Kelly Anderson Staley takes a strikingly different approach to capturing his subject’s humanity in Kevin, a pigment print from wet plate colloidon tintype. Adopting a more modern printing technology allows Staley to capture the physical characteristics of the outmoded tintype process at a scale that would be otherwise nearly impossible. Unlike the imposed mode of presentation that was central to Francher’s photograph, Kevin selected the pose he wanted and practiced it in a mirror to ensure he had perfected it. The resulting contrast between these two antiquated approaches to photography, both of which feature African Americans, could not be more compelling. These works have been hung near each other, eliciting one of the most interesting of the many visual conversations this well-installed exhibition creates.
Photographer Louie Palu references the impact that 19th-century photography had on the social understanding of war in the otherwise entirely contemporary war photograph Night Raid. Bathed in the eerie blue of the emergency cabin light of a Medvac helicopter, Palu captured both a compelling portrait of a horribly wounded individual—so wrenching yet so shocking that one cannot look away—and a symbol of war in the early 21st century.
Not all of the exhibition’s art historical references are to the remote past. Chuck Close—renowned 1970s and ‘80s artist who continues to work today—casts a very large shadow over the show. Several of the portraits take his conceptual, process-derived, approach to creating larger-than-life portraits as points of departure. All of the artists invoke the illusory “photo realistic” result of Close’s approach to image making, but none of them adopt the unsettling, objectifying lack of expression that is the hallmark of his best-known works.
Erik Hougen’s massive watercolor of his father, John H.—while clearly a photo-based work, painted by reproducing the multiple color layers of the CMYK process that Close has used to such great effect—does not seek to be perceived as a photo-mechanical product. Instead, drips of watercolor paint trickle beyond the confines of the face he has captured, clearly declaring its genesis as a handmade object. Hougen’s use of extremely thin washes of paint, another Close trait, gives the work an ethereal, faded feel rather than evoking a freshly printed magazine page. It is his father’s sad, wistful expression, however, that sets the work apart. The resulting combination of medium and mood conveys the fragility of the human condition in a way that lies outside the conceptual framework of Close’s work.
Bly Pope’s ink and graphite drawing Maryana comes closest to matching Close’s deadpan aesthetic, but the ravages of age have accentuated both the natural asymmetries of her subject’s face and the misalignment of her eyes, making it impossible to regard her dispassionately. By contrast, Ray DiCapua’s charcoal on paper Marie, which also features a woman of a certain, albeit much younger, age adopts a certain ironic regard to her viewers that is far more provocative than the nudity she covers with both arms.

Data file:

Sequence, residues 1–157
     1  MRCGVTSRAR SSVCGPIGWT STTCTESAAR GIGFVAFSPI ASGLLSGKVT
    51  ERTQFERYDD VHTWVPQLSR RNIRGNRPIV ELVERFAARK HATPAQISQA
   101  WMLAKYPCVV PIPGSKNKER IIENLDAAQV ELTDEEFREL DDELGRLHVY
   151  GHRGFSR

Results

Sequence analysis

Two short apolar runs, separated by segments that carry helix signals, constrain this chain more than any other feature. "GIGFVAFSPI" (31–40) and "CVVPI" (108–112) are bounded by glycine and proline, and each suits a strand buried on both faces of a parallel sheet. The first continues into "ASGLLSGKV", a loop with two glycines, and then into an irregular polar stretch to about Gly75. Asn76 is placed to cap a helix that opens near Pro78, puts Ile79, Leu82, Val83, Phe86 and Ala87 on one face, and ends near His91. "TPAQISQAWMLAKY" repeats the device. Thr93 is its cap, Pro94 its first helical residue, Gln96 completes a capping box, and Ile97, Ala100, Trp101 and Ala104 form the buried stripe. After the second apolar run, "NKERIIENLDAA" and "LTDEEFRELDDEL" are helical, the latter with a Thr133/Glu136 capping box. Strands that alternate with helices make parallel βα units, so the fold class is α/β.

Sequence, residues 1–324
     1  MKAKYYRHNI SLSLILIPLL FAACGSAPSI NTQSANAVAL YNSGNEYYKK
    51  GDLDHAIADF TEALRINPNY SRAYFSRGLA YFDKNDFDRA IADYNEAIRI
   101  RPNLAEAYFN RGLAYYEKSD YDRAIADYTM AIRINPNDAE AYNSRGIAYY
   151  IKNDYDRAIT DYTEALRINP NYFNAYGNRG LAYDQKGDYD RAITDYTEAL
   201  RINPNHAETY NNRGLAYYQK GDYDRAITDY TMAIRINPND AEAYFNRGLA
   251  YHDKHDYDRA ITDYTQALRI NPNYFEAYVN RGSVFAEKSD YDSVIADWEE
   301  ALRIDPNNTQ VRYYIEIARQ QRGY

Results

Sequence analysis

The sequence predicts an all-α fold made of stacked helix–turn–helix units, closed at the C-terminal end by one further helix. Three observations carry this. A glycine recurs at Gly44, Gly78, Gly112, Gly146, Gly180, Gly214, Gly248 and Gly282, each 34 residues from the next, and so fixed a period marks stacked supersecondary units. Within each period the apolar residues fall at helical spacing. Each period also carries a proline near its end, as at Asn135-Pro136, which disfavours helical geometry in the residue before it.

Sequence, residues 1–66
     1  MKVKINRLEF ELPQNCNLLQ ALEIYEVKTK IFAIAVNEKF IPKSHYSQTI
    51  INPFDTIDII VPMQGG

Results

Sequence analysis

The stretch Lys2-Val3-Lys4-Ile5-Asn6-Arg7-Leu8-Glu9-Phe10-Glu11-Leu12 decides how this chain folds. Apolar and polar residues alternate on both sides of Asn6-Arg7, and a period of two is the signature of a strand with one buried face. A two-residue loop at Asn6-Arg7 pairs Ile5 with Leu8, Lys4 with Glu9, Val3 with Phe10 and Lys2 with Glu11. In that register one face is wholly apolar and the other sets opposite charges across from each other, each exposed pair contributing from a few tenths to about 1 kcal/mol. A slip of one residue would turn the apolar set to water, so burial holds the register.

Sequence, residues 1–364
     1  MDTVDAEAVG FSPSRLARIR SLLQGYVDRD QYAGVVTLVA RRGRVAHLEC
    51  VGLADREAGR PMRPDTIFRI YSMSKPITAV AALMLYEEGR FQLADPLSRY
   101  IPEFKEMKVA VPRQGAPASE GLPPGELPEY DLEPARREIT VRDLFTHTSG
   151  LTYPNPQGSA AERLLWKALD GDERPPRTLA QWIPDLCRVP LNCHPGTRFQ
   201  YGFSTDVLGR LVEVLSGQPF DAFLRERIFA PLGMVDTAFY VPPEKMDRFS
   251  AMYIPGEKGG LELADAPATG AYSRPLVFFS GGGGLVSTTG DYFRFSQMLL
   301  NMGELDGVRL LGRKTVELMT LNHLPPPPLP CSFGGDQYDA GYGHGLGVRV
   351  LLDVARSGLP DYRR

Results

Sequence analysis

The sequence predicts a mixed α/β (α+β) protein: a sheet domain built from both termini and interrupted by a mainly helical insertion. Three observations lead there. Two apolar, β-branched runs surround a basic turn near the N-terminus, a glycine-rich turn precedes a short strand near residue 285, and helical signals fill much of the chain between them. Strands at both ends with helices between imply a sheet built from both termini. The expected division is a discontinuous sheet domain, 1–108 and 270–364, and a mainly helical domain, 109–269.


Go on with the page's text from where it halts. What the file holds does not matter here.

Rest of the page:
Modesty2, Lynn Davison’s self portrait in oils, bears superficial resemblance to another noted Modernist, John Coplan and his photographic exploration of his aging physique. Coplan’s focus is, however, on the abstract, formal implications of the deterioration of his physical self while Davison’s representation of her own aging flesh is a psychological document. She accepts, and presents, her aging flesh with a degree of integration absent from Coplan’s work. The work’s title encapsulates a further contrast in their approaches, as Davison shields her body and her face as she captures its reality rather than baldly exposing it as Coplan does.
This emphasis on unidealized flesh pervades the entire exhibition. In addition to the examples already cited, Tun Ping Wang’s large-scale pastel Undefined #2 uses the blemishes on a young man’s face as a formal compositional element, effectively moving the viewer’s eye across the work’s surface from pimple to pimple. The left eye of the young man in Megan Ledbetter’s black-and-white photograph Untitled from the Loveland Series is cast in the tangled thicket’s shadow while the right eye pops, an altogether chilling evocation.
Despite the physical imperfections on view, exhibition juror Peter Frank’s assertion that this selection of contemporary portraiture looks like America doesn’t quite ring true. Two imbalances were particularly striking. Hispanics, who account for more than 15 percent of the nation’s population, are completely absent. Conversely, Americans of Japanese descent, who represent only a fraction of a percentage point of the nation’s population, account for nearly 10 percent of the artists juried into the exhibition.
Sequoyah Aono’s Self Portrait created from scraps of wood he found cast off in the streets of New York received the jury’s third place award. Although the rough-hewn nature of the artist’s hair, T-shirt, blue jeans and tennis shoes bears a superficial resemblance to the carvings of Stephan Balkenhol, he had rendered the face, arms and hands with an extremely refined finish. Despite this, he has also used the wood grain as a compositional element that marks his complexion, calling attention to the finer physical characteristics and inherent natural beauty of the material. This sets up a constant, unresolved and visually intriguing tension between the natural wood grain marking the highly polished rendering of the face and the rougher, more expressionistic working of the rest of the figure, emphasizing its hand-carved nature.